Qualifying week reveals legislative surprises
In order to get a better grasp on the breadth of the turnover, I—along with my fiancée—began parsing through the qualifying data (OK, she did most of the work), and here’s what we found. Nearly 50 legislators will not seek reelection—representing almost 20 percent turnover. What is most concerning about this is that more than 40 percent of these lawmakers are currently in positions of power. They include committee chairs and vice chairs, the Senate president pro tempore, and—while technically not a legislator—even the lieutenant governor.
The partisan makeup of the departing lawmakers is relatively proportionate to that of the General Assembly—meaning no political party is necessarily abandoning ship because it sees the writing on the wall. So, what’s behind the legislative flight?
There seems to be a few factors at play, including many are seeking other elected offices, while others have just decided to retire. The most shocking of the retirement announcements came from two pillars of the legislative community: Rep. Terry England (R-116) and Sen. Jeff Mullis (R-53). The former has been in the legislature since 2005 and heads up the powerful House Appropriations committee, while the latter has been a Senator since 2001 and is the influential Senate Rules committee chairman.
“Recovering from Achilles tendon surgery, witnessing my children step into the next phases of their lives, and the many hours away from my dedicated wife and family this job requires has led me to this time reflection,” Sen. Mullis explained. “We have fought the good fight for 22 years, but I have decided I will not be seeking reelection. I will be spending more time with family and friends and looking for ways to serve my community in other capacities.” His statement likely resonates with many others in the General Assembly.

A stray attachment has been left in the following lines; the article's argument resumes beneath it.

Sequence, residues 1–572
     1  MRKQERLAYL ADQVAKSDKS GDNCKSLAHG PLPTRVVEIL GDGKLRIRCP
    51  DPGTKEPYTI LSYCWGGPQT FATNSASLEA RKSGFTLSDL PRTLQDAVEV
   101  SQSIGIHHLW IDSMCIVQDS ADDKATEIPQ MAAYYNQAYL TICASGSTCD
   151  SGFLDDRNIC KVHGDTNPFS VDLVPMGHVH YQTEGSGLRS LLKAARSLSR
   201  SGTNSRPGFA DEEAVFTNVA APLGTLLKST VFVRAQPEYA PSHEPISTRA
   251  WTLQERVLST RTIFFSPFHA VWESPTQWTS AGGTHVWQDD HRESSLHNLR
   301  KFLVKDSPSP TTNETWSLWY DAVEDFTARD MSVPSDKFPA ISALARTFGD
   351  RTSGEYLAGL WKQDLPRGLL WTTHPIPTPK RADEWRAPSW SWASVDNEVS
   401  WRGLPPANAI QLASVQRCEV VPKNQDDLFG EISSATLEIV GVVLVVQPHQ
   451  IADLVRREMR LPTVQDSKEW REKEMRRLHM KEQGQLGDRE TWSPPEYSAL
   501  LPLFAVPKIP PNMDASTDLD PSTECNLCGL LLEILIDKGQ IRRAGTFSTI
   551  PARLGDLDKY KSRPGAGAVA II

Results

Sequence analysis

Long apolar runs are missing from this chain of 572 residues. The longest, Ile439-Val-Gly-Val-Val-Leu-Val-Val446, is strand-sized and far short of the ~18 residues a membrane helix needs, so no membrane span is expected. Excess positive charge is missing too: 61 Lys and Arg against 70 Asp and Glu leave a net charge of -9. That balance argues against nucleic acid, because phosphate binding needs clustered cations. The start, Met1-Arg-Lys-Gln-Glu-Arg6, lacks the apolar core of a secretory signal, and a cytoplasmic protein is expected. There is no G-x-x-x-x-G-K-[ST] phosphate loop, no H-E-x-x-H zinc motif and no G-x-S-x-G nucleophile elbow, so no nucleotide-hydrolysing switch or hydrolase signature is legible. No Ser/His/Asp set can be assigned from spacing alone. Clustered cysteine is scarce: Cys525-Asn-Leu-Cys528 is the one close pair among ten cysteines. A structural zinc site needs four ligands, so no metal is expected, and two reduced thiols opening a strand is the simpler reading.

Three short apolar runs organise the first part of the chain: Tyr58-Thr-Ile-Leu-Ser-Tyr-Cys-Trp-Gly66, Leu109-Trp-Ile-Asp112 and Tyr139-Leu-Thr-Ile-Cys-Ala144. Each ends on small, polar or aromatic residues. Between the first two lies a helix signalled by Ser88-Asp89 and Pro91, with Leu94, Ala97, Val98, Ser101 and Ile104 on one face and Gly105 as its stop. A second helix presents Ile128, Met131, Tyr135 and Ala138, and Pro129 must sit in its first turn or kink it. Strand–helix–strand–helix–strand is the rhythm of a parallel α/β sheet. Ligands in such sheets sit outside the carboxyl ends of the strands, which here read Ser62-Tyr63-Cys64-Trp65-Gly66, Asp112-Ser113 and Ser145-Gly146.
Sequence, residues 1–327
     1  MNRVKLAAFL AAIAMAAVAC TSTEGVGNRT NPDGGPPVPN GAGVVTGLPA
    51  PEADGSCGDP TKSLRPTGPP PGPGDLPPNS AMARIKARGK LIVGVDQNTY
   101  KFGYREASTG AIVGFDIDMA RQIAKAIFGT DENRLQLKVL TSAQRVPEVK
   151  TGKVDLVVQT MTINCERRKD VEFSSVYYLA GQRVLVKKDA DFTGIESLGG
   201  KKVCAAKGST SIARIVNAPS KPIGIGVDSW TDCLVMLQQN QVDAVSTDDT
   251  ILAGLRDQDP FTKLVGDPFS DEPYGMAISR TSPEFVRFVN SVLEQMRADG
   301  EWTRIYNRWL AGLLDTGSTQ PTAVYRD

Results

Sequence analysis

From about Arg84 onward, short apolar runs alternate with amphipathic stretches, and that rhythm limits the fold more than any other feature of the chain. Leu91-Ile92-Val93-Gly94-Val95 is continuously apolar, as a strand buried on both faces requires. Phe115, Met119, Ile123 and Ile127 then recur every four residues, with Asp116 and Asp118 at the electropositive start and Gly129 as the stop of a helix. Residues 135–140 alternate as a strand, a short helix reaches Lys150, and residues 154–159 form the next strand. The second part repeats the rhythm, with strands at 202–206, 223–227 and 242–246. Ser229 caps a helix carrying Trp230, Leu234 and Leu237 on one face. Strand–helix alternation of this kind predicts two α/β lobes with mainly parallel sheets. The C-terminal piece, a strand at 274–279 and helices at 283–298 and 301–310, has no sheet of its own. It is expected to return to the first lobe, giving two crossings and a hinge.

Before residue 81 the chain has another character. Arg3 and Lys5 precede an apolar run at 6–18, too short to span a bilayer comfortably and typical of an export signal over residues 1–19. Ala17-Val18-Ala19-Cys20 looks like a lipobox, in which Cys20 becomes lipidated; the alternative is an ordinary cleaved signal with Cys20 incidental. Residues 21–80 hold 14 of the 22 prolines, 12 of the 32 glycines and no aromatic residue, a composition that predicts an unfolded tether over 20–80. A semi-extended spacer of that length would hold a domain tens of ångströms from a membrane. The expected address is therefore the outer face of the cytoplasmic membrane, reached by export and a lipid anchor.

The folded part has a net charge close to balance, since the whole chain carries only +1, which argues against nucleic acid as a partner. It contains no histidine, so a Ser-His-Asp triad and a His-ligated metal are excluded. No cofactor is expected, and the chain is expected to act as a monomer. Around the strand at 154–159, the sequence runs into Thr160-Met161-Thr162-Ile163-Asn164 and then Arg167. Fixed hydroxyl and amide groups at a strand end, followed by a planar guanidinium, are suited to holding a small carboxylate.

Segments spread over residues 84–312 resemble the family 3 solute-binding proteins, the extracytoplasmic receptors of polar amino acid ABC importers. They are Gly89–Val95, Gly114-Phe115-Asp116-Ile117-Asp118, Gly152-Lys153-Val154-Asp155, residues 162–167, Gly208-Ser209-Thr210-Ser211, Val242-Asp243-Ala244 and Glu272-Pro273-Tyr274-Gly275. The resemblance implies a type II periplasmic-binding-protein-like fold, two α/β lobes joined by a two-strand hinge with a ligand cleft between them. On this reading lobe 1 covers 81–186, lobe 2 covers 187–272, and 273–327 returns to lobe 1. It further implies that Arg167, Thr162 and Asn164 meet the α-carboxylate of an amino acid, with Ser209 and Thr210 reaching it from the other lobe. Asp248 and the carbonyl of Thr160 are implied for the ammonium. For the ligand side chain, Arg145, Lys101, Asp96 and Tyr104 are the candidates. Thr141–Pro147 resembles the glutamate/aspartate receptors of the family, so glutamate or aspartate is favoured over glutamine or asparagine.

He along with more than 20 lawmakers have decided to retire from electoral politics—at least for the time being. Some undoubtedly are weary of serving, and understandably so. Being a state legislator is a thankless part-time job that comes with a meager paycheck of around 17,000 a year. It takes officials away from their families and full-time jobs for a few months a year—often leaving their careers and personal lives in disarray. In return, they receive year-round constituent requests, have to manage biennial political campaigns, and work in a hyper-partisan and polarized political environment.
Meanwhile, redistricting has encouraged others to bow out of politics. The decennial redrawing of legislative districts sometimes changes the ideological makeup of certain districts and/or moves two incumbents into the same district—forcing the threat of fiercely contested or futile elections. The latest round of redistricting was no different, and some incumbents have little stomach for slogging through such races. Thus, they’ve decided to retire.
Several lawmakers, on the other hand, are leaving their current seats to seek statewide elected posts. At last glance, of the members of the General Assembly, Senate President Pro Tempore Butch Miller (R-49), Sen. Burt Jones (R-25), Rep. Derrick Jackson (D-64), Rep. Renitta Shannon (D-84), and Rep. Erick Allen (D-40) are all forgoing their current seats and looking to replace Geoff Duncan as the next lieutenant governor.
Sen. Bruce Thompson (R-14), Sen. Lester Jackson (D-2), and Rep. William Boddie (D-62) are running for labor commissioner, which will be held by Mark Butler until January. Sen. Tyler Harper (R-7) and Rep. Winfred Dukes (D-154) are seeking the office of the agriculture commissioner, since Gary Black will not be seeking reelection. Rep. Bee Nguyen (D-89) has decided to run for secretary of state, Rep. Matthew Wilson (D-80) for insurance commissioner, and Sen. Jen Jordan (D-6) is looking to unseat the attorney general.
Meanwhile, one state senator is running for a seat in the State House, five state representatives are seeking seats in the State Senate, two legislators are running for Congress, and one is poised to become ambassador to the Dominican Republic.
The end result of all of this turnover will take its toll on the General Assembly. Turnover is healthy in a democratic republic, but too much turnover at once risks losing irreplaceable institutional knowledge held by veteran legislators. While I am often critical of lawmakers—particularly ones who champion misguided ideas—I am personal friends with some of those who have chosen to give up their seats. They are principled, hard-working individuals, and their departures will be a real loss for Georgians.
Image credit: Robert Hainer